Continue reading Deep-sea mining negotiations demonstrate that the destructive industry cannot go ahead

18 Jul 2022

Press Release

Source: Greenpeace

The International Seabed Authority (ISA) is fast-tracking regulations that could allow the deep sea mining industry to begin operations as early as July 2023. The regulations are being discussed at a meeting starting today in Kingston, Jamaica. An alliance of Pacific nations, along with scientists, youth groups, and civil society organizations, are calling for a moratorium on the industry, which could wreak havoc on one of the world’s most fragile ecosystems and exacerbate climate change.

18 Jul 2022

Press Release

Source: Deep Sea Conservation Coalition

The Deep Sea Conservation Coalition calls on member States of the International Seabed Authority to agree on a moratorium on the emerging destructive deep-sea mining industry as negotiations begin this week in Kingston, Jamaica.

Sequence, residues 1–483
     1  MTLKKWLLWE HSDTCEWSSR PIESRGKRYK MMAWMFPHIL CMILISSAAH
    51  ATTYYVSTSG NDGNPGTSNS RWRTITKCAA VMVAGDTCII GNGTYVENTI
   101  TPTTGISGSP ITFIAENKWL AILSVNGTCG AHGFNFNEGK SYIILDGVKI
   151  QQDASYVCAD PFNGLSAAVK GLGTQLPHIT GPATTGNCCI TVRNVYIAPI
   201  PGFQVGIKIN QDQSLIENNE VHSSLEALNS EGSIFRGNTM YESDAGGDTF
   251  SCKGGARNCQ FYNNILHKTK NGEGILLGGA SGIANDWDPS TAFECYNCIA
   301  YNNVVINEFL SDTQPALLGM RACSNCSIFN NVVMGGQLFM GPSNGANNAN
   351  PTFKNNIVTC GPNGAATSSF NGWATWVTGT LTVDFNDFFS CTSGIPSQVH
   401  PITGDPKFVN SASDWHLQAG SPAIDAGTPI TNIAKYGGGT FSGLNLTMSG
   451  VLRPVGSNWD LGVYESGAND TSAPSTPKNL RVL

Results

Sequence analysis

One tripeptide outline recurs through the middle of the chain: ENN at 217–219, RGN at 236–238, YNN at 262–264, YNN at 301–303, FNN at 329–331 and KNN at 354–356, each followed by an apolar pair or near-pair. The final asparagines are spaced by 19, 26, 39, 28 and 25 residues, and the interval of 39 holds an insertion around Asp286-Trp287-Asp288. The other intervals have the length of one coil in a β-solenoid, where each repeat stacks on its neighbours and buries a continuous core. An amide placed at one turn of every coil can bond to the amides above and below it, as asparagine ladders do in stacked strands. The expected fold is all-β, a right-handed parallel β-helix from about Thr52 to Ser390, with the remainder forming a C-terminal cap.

Momentum for a moratorium on deep-sea mining continues to skyrocket globally as the International Seabed Authority (ISA), the body charged with regulating the nascent industry, continues the rush to mine the deep. The Authority’s Council and Assembly will meet from 18th July – 5th August. Central to their agenda is advancing a set of regulations that, if adopted, could see commercial deep-sea mining begin in as little as a year’s time.

The speculative industry received significant backlash at the recent UN Ocean Conference in Lisbon, Portugal, where governments, parliamentarians, youth groups and scientists all called for a halt to the industry. During the Conference, Palau launched an Alliance of Countries Calling for a Deep-Sea Mining Moratorium, with Fiji and Samoa joining;  Parliamentarians for Global Action launched a Global Parliamentary Declaration Calling for a Moratorium on Deep Seabed Mining and French president Emmanual Macron called for a stop to mining in the high seas.